Frédéric Chopin: Nocturne in Eb Major, Op.9, No.2
Frédéric Chopin composed the three nocturnes of Opus. 9 in 1832 and dedicated them to Madame Marie Pleyel. Although all three nocturnes are popular in solo piano repertory, number two is considered to be Chopin’s most famous and most performed work. Considering these nocturnes were composed when the composer was just twenty years old says an awful lot about Chopin’s talents as a composer and pianist.
Written in 12/8 time, this slow and delicate nocturne is in binary form. After the initial melody is played, the sections that follow soon after add decoration and ornamentation to each reprise of the melody. Chopin’s manipulation of the time to create dramatic jumps and emotional twists and turns is perhaps why it has remained such a popular work in his oeuvre. With each repetition of the melody, the decorations become more elaborate – from elongated trills to decorative tones. The sonorous nocturne is accompanied by a waltz-like left hand figure, which keeps the shape of the piece throughout. After the final reprise of the melody, Nocturne in Eb major concludes quietly as the final notes fade into silence.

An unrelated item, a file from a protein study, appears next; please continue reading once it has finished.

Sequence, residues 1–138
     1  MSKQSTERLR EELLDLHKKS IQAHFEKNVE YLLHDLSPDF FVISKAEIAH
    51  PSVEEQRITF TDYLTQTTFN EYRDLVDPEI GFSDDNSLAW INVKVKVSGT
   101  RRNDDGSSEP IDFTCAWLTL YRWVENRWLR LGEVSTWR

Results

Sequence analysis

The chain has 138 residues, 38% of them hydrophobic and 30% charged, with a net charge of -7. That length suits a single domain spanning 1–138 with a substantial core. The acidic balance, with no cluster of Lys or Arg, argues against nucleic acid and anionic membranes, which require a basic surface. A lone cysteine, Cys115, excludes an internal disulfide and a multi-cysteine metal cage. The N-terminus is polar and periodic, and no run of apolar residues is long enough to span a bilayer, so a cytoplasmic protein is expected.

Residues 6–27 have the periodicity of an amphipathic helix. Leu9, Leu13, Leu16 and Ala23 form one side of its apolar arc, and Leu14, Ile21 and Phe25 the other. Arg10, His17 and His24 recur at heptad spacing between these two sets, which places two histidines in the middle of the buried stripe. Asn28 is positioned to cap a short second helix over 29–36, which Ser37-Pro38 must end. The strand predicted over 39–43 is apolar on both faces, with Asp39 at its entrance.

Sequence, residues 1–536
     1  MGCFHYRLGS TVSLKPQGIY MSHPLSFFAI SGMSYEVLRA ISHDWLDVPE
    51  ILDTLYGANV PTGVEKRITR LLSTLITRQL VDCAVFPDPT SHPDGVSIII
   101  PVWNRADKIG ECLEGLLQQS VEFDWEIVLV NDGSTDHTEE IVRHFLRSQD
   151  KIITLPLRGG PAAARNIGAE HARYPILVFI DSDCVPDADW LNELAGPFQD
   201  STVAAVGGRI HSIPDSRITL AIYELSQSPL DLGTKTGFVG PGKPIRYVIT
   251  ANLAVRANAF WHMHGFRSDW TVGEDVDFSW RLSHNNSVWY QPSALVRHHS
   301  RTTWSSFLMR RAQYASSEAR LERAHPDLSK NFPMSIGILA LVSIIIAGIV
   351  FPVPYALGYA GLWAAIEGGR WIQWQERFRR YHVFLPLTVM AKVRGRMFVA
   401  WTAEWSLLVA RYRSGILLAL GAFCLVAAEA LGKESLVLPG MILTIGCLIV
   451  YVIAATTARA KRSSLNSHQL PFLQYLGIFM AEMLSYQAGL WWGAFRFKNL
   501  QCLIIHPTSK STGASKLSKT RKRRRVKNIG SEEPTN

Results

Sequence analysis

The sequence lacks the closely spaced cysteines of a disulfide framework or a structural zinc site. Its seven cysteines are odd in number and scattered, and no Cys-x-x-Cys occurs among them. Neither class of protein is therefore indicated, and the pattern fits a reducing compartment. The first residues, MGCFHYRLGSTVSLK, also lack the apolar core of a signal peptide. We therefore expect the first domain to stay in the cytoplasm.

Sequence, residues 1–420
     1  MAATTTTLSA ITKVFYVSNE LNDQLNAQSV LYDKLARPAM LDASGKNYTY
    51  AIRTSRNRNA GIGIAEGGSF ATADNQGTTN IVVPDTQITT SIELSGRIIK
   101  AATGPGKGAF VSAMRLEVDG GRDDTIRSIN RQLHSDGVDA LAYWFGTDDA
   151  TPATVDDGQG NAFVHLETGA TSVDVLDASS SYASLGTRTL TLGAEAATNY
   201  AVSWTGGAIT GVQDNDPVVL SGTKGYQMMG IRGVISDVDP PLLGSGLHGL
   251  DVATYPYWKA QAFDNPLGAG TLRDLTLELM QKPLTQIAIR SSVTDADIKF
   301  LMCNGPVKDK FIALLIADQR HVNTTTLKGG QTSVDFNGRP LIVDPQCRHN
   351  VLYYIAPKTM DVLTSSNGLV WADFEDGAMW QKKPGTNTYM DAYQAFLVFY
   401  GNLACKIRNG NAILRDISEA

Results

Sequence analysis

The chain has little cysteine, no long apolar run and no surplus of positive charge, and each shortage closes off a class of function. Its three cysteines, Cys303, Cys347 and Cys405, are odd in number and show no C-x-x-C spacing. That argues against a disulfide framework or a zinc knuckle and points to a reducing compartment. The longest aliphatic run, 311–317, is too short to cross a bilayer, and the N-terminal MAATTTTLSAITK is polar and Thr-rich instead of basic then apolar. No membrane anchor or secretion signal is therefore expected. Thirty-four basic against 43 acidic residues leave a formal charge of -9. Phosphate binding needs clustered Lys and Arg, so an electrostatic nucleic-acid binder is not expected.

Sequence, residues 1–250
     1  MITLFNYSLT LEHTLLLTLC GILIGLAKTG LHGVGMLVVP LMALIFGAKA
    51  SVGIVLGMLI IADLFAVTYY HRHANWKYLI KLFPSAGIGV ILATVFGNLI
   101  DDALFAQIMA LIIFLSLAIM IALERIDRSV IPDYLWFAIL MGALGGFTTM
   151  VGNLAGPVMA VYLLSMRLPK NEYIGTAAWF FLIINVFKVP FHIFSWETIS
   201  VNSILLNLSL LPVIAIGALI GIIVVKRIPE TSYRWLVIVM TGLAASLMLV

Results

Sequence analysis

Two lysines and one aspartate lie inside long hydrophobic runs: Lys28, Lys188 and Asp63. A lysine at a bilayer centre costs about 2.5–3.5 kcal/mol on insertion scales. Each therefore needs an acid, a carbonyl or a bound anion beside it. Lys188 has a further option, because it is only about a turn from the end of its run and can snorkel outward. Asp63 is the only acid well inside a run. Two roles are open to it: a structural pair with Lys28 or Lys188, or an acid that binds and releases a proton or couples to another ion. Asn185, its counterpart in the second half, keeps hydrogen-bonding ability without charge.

Ⓒ Alex Burns